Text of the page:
You probably think of Mare Winningham as an actress. She may bring to mind characters from the angsty youth of St. Elmo’s Fire to the fretting maid of American Horror Story. But even if you’re familiar with her Oscar-nominated turn singing in Georgia or her Public Theater appearance in Girl from the North Country, you may have been surprised by the sheer level of musicianship she displayed at Café Carlyle.
Mare Winningham: With Guitar In Hand
I can’t recall when I saw a star of Winningham’s caliber ascend to the Carlyle stage more ready to accompany herself. But she did so on a variety of instruments, including guitar, piano and dulcimer. Completing the sound were brothers Tim and Dennis Crouch. The authentic twang of their instrumentation put me in mind of Ken Burns’ Country Music. This was before Winningham mentioned they had played with many of the doc’s featured artists. I also did not expect a set list so heavy with original material. Artists appearing at the Carlyle often lean heavily on the American Songbook (and audiences still go wild).
But Winningham revealed herself to be an artist deeply interested in the craft of songwriting. She confessed that she held aspirations to create a family band with her children. And though that never came to pass, she proudly shared songs by her daughter and co-written with her son. Touchingly, she described the latter dropping off a pile of poems and her realization that they were “songs in search of a melody.” Winningham’s own parents also got a nod. Her Mom won a cache of great folk music from an appearance on Hollywood Squares that Winningham credits with instilling a love of music in her from an early age.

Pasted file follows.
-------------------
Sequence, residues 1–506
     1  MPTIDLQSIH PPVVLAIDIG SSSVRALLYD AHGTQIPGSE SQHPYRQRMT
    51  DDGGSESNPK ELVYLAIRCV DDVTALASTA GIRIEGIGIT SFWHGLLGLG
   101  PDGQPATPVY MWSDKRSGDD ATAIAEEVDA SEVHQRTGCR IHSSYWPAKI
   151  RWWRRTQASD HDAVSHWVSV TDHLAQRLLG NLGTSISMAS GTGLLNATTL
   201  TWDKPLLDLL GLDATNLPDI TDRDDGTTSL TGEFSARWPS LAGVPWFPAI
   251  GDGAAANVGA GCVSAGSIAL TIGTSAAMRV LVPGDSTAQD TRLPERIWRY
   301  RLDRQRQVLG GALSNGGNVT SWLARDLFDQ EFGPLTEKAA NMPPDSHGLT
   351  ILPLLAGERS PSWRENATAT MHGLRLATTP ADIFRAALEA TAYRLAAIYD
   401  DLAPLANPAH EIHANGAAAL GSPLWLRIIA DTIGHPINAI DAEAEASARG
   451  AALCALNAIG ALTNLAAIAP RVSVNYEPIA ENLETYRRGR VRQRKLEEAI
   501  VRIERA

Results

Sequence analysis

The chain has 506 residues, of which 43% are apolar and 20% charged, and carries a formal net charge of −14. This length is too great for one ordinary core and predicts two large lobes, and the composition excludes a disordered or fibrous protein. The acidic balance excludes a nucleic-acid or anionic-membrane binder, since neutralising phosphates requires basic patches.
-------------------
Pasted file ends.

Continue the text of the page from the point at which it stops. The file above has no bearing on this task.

A Winning Performance
Winninham also clearly has immense natural gifts. My husband and I would compare notes on when we hear shades of Jodi Mitchell and Dolly Parton in the star’s mellifluous vocals. She also shared aspects of creating her four albums of original music, including what she calls “Jewgrass” – Jewish country folk. When she sang selections from it, I couldn’t help but think that this was the kind of cross-cultural music the Transparent Musicale Finale was trying to achieve. And she offered her musical meditations on topics such as grief (“Well It’s Gone”), gender politics (“What Might Be”) and the workings of the universe (“Einstein”).
The standout performances of the night showcased Winningham’s beautiful voice, adept playing, endearing connection to the audience and evident respect for great songcraft. These included a plaintive acoustic “All Apologies” (Kurt Cobain) and “Downtown” (Tony Hatch) feauturing Winningham on Dulcimer. Winningham also moved audiences to gasps and tears with performances of Patty Griffin’s “Makin’ Pies” and Body Dylan’s “Forever Young.” And if you can’t catch her during her brief run at Café Carlye, fear not. You’ll have a chance to marvel at Mare when Girl from the North Country heads to Broadway in February.
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Last modified: October 31, 2019